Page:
used to be one of the overriding problems. Pendulums work very well when
static but are useless on any platform that is experiencing accelerations.
Dynamic orientation can only be achieved through the proper use of inertial
sensors. This technology is not new but used to be almost exclusively used
within the military (as the costs were so high and the technology was in-part
classified). With the end of the cold war we are in a fortunate situation
that inertial technology has become cheaper and thus viable for use on commercial
They can now give us as good as 0.02 degrees accuracy. But as with the previous
examples, it isn't the accuracy of the sensor that is the problem. It mainly
depends on how well you can align the sensor with the sonar.
The example on the left shows the effect of a roll misalignment.
Basically, your swath corridors will always be tilted down to one side. As
you usually run alternate lines back and forth, any pair of lines will have
their overlapping boundaries moved either up or down together. You will notice
that the short wavelength detail in the image is well preserved (e.g. the
rock ridges). But should you resurvey this area using a different line direction
or with a different roll bias, the surfac differences will be dominated by
the mismatch due to the titled swaths.
To the right we now see an animation of the effect of a bad heading sensor.
In this case, again, each swath on it's own looks fine. But the misalignment
between the swaths is poor. You can see the detail, but you will get false
changes when you compare this survey to a later one that are just due to
false positions on the outermost beams due to a rotation.
Whilst both of the examples above preserve the detail within a single swath,
you can get a dynamic error (much like the roll time delay or false lever
arms shown above) if you misalign you roll and pitch sensor by twisting it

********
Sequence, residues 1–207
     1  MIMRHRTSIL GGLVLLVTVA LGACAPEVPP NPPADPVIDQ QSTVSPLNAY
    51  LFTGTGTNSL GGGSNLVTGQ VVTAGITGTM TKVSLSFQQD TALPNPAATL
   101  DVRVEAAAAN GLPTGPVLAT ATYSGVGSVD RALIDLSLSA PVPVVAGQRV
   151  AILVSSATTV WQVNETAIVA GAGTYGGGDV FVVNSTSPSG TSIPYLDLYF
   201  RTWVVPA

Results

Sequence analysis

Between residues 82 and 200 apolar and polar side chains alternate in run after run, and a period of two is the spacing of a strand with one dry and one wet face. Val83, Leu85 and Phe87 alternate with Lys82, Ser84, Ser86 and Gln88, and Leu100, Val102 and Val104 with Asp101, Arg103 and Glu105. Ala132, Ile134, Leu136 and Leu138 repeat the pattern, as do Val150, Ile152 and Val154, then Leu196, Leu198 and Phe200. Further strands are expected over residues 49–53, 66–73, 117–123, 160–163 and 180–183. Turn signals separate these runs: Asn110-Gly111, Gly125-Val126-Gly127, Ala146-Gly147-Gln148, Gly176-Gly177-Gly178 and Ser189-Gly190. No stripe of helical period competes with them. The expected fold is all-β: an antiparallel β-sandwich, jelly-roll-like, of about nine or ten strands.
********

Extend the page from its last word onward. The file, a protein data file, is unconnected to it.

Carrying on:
in heading. Imagine you twist it 90 degrees. It will then record a roll when
the vessel pitches and vice-versa. But even if you misalign it in yaw just
a degree or two, you will get what is called "crosstalk". When the vessel
pitches, a small amount of that pitch rotation will be picked up by the slightly-misaligned
sensor and attributed to roll.
The end result is that you see across track ribbing in the data that looks
similar to a roll time delay (but is actually caused by a static yaw misalignment).
Just as with the other two ribbing examples, the artifacts shown here, whilst
they look terrible under sun-illumination, are actually less than 1% of the
depth in height. i.e. the data are still in spec.
Even if we get our timing, position and orientation perfect, we still have
to cope with the path the sound takes through the ocean. In general the salinity
and temperature on the ocean change with depth. For mid-latitudes, the surface
waters are normally warmer (and thus sound speed faster) so there is a gradient
in sound speed. This gradient will cause sound energy to "refract". We need
to know how much. The effect gets worse as the ray becomes less vertical.
As long as we look straight down, the effect is minimal, but these new multibeam
systems that created all these "seascapes" work by looking out obliquely.
The more obliquely we can view, the wider the swath and the less shiptime
we need to use to cover the continental shelf.
if we don't measure the sound speed properly or more realistically,
the sound speed changes on us either in time or space. Then our outermost
solutions will tend to either curl up (a "smile") or down (a "frown"). The
effect of this is that each survey corridor will not match the one to either
side so well. What we will see is shiptrack-parallel ridges in out data.
The animation to the right shows the consequences of having a +/-5m/s error
somewhere in the water column.
The result is a distortion of the long wavelength topography, but you can
still see the detail of the rock ridges (they are just curled up at the edges).
Most of the "seascapes" presented in this symposium have this problem . All
the Canadian outer-shelf data is corrupted by this simply because the watermass
out on the outer shelf in mid-summer (when the surveys were run to get the
best seastate) changes so rapidly.
To illustrate how fast the watermass changes, the image below shows a cross
section of the sound speed field under one of those multibeam survey vessels
working on Georges Bank (~ 500 km SE of Boston) in mid summer. The data were
collected using new technology
that allows one to profile the sound speed every 2 minutes. Unfortunately
this technology wasn't used for the whole survey. Typically a profile of
sound speed was only taken at the end of each line which usually last
about 1-3 hours (for example, imagine taking just the start and the end of